When we problematize something, we make it a matter of thoughtful consideration. In so doing, we revitalize its meaning, significance, and practical relevance. Today, I problematize the practice of supervision, a role that we expect many to realize more frequently than they do.
A Simple Definition
Supervision is a developmental relationship characterized by an attentive attitude, an ethic of care, and active efforts to help others learn and grow personally and professionally. It may focus on practical task-oriented skills or on the so-called “softer” competencies that promote interpersonal effectiveness. And we may supervise adaptive development at the individual level or with groups and teams.
A Clarification: Job titles ≠ roles
In any organization there is a social structure with roles of oversight. As an enterprise, it has a purpose, a mission, and stakeholders whose interests it serves, so there are expectations of fiduciary duty. To fulfill this duty and coordinate organizational performance, roles, job titles, and a governance hierarchy are created.
Those in positions such as CEO, Vice President, Director, Manager, and Supervisor, are expected to exercise oversight, to coordinate the work of others in the service of the organization’s strategic aims and performance goals. We refer to people in these positions as leaders or members of management in the general sense of the word, i.e., they are to provide guidance to others.
There are two specific kinds of guidance we expect of those in these positions: Management is the role of ensuring timely and efficient execution. Supervision is the role of enhancing the productive capacity of people to do their work – technical, tactical, and interpersonal.
This role focuses primarily on the operational system of an enterprise, efficient execution of its purpose and goals. We have so-called “dashboards” that represent the status of key operating parameters. But there’s more to it than analyzing and reporting data. We also coordinate action and perform timely and adaptive problem solving to sustain performance.
Management is aptly characterized as “keeping the trains running on time.” But the train tracks need to be maintained. And we must respond to new and different kinds and quantities of demand, and many other “backroom” functions. Having said that, if we were to characterize which gets the most attention in business today, managing would easily prevail over supervising.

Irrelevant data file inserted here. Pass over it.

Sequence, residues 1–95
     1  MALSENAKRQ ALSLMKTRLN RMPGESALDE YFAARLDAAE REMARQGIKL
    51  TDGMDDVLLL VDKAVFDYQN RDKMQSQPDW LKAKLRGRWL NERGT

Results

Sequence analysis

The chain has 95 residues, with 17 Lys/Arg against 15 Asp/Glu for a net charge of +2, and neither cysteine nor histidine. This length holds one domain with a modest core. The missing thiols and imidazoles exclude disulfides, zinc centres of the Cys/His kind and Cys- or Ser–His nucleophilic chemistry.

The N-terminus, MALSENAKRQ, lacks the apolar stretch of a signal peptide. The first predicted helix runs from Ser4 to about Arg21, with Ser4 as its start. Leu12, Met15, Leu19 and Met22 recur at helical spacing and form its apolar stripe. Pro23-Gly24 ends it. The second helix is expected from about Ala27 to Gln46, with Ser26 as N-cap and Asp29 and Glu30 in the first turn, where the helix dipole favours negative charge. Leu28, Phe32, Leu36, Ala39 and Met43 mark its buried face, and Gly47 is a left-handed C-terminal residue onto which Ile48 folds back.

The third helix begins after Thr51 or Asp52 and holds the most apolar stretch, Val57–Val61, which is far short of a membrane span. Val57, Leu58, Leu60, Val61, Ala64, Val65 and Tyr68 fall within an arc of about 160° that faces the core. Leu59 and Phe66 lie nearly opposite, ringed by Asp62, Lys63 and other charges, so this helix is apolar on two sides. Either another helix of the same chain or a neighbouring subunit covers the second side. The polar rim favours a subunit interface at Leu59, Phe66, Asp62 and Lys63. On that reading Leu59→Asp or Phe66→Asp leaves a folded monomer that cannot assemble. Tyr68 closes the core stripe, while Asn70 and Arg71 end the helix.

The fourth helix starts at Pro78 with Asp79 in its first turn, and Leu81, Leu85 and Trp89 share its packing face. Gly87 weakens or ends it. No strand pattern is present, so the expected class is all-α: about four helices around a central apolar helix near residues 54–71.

Because of this bias, I focus on the role of supervision. As we’ll see, the complexity of the supervision role is fundamentally different than the complexity of the management role. The former requires a person-orientation while the latter relies on a thing-orientation.
At the top of this article, I defined supervision as a relationship. And in the title, I broke the word down into two component root word. I did this because the practice of supervising others requires that see a supervisee as a person first. And we must come to know them to fully see the meaning of their actions.
Persons are more than interchangeable functionaries. Unlike machines, they each have a subjective center the nucleus of their capacity to act as free and rational agents. And prior to the rational plan of action there are often less articulate intuitions, feelings, or concerns that shape attitude and action.
Much of what differentiates us, indeed defines us, as persons are our value commitments, what we truly care about, what gives meaning to our lives. These and qualities of personality and interpersonal style play a role in differentiating the intuitive ore felt meaning that we discern in our field of action.
To muddy the waters further, there are cultural and ethnic differences in how our value commitments are formed, and how they are expressed. Gender differences, too, play a role. To really see the person and appreciate his or her approach to action we must seek to understand these shaping influences.
When we do this as supervisors, and when we reflect an appreciation who they are and how they function, they feel understood. And beyond that empathic connection, we are better positioned to help them by adapting our guidance to their individual differences while linking them to the firm’s mission.
That’s what I consider the super quality of vision that enables effective supervision. And when it’s well done, it makes management of process and performance so much easier. Not only do we quicken the pace of learning, we’re able to more quickly identify and resolve issue.
 For what it’s worth, the lack of adequate supervision, feedback and coaching from management has been a constant theme in McKinsey annual surveys on organizational effectiveness.